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Coupled climate-carbon cycle simulation of the Last Glacial Maximum atmospheric CO2 decrease using a large ensemble of modern plausible parameter sets

Research output: Contribution to journalArticle

  • Krista M.S. Kemppinen
  • Philip B. Holden
  • Neil R. Edwards
  • Andy Ridgwell
  • Andrew D. Friend
Original languageEnglish
Pages (from-to)1039-1062
Number of pages24
JournalClimate of the Past
Issue number3
DateAccepted/In press - 10 May 2019
DatePublished (current) - 18 Jun 2019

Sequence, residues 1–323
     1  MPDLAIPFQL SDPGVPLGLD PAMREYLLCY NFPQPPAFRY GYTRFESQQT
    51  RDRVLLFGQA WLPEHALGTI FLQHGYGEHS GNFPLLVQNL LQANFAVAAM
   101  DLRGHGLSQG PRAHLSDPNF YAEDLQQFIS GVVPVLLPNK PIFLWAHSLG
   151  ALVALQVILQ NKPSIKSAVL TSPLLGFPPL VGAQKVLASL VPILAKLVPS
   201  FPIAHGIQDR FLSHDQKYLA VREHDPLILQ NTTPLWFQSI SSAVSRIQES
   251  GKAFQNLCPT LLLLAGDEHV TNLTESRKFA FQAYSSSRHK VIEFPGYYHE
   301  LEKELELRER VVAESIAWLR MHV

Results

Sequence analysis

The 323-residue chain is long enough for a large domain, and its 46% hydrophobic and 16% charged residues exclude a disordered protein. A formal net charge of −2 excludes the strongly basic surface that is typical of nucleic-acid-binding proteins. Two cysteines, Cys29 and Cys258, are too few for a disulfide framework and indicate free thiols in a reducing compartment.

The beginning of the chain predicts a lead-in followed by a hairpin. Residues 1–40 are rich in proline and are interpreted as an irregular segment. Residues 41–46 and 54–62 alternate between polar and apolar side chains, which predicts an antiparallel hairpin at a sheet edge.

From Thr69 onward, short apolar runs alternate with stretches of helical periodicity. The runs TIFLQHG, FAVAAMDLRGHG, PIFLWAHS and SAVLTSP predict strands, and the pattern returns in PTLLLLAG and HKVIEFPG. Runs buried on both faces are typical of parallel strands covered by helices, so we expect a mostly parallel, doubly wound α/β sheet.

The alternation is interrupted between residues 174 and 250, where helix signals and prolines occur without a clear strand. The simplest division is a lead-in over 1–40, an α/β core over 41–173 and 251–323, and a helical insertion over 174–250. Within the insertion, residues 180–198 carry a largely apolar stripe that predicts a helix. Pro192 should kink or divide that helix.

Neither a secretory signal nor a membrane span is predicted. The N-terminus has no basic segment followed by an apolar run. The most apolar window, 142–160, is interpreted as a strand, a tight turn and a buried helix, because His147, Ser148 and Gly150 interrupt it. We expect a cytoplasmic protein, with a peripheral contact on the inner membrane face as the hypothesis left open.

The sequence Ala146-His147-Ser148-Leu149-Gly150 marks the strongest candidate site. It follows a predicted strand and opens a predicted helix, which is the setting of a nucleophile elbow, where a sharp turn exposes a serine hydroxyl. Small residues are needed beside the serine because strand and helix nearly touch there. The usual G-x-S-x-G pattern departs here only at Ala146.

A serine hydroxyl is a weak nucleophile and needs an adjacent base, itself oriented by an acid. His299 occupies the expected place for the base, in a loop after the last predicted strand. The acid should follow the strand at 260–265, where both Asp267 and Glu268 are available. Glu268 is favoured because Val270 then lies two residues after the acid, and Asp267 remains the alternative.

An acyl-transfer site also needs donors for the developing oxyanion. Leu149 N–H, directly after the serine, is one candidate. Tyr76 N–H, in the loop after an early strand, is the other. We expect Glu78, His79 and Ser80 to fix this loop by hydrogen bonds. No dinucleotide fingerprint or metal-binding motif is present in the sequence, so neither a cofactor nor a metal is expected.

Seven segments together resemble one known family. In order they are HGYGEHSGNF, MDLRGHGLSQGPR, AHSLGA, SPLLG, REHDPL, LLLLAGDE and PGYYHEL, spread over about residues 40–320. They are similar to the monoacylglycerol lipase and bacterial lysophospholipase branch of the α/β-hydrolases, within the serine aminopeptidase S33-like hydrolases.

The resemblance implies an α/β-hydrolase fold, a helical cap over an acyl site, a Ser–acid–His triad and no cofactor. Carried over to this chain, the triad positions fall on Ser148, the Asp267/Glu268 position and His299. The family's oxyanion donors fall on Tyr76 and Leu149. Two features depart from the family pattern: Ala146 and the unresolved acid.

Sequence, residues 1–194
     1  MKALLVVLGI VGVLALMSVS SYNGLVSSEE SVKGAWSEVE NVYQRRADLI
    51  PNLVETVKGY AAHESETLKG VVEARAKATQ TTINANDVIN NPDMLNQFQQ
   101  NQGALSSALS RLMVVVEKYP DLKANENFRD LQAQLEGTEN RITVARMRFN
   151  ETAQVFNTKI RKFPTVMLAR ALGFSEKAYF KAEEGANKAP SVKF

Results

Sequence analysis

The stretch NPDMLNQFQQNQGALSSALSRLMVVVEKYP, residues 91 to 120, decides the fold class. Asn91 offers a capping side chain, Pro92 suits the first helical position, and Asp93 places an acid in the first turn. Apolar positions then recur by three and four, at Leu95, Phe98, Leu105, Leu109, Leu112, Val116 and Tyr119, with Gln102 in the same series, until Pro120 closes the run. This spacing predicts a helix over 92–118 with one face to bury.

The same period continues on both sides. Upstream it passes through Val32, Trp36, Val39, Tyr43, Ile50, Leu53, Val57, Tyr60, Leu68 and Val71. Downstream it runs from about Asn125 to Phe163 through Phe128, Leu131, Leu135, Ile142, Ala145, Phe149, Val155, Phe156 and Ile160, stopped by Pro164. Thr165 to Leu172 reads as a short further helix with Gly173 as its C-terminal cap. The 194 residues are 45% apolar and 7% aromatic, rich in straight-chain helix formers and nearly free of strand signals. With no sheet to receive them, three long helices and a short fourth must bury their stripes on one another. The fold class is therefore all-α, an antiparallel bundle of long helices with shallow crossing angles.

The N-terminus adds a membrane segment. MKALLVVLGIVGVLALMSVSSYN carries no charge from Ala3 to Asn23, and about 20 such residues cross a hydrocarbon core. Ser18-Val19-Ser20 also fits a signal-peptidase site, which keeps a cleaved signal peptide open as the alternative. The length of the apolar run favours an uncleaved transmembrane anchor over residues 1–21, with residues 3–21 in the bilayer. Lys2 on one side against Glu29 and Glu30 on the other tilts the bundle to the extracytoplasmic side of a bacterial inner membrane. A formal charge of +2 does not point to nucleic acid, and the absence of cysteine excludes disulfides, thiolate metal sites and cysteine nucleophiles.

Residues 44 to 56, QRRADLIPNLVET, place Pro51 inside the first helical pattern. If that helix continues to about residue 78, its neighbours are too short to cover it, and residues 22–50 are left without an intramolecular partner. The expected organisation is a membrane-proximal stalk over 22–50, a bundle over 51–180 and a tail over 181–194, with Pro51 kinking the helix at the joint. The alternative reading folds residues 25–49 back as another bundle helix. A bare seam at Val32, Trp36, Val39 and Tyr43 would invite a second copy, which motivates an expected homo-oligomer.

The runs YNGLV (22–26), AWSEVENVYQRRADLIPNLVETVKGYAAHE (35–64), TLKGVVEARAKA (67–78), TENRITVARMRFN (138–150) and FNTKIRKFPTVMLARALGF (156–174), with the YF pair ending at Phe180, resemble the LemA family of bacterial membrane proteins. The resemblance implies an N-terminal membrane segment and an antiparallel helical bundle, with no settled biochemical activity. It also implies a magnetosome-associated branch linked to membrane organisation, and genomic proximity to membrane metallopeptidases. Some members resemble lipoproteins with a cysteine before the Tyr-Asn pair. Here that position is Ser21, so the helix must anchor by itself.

During the Last Glacial Maximum (LGM), atmospheric <span classCombining double low line"inline-formula">CO2</span> was around 90&thinsp;ppmv lower than during the pre-industrial period. The reasons for this decrease are most often elucidated through factorial experiments testing the impact of individual mechanisms. Due to uncertainty in our understanding of the real system, however, the different models used to conduct the experiments inevitably take on different parameter values and different structures. In this paper, the objective is therefore to take an uncertainty-based approach to investigating the LGM <span classCombining double low line"inline-formula">CO2</span> drop by simulating it with a large ensemble of parameter sets, designed to allow for a wide range of large-scale feedback response strengths. Our aim is not to definitely explain the causes of the <span classCombining double low line"inline-formula">CO2</span> drop but rather explore the range of possible responses. We find that the LGM <span classCombining double low line"inline-formula">CO2</span> decrease tends to predominantly be associated with decreasing sea surface temperatures (SSTs), increasing sea ice area, a weakening of the Atlantic Meridional Overturning Circulation (AMOC), a strengthening of the Antarctic Bottom Water (AABW) cell in the Atlantic Ocean, a decreasing ocean biological productivity, an increasing <span classCombining double low line"inline-formula">CaCO3</span> weathering flux and an increasing deep-sea <span classCombining double low line"inline-formula">CaCO3</span> burial flux. The majority of our simulations also predict an increase in terrestrial carbon, coupled with a decrease in ocean and increase in lithospheric carbon. We attribute the increase in terrestrial carbon to a slower soil respiration rate, as well as the preservation rather than destruction of carbon by the LGM ice sheets. An initial comparison of these dominant changes with observations and paleoproxies other than carbon isotope and oxygen data (not evaluated directly in this study) suggests broad agreement. However, we advise more detailed comparisons in the future, and also note that, conceptually at least, our results can only be reconciled with carbon isotope and oxygen data if additional processes not included in our model are brought into play.

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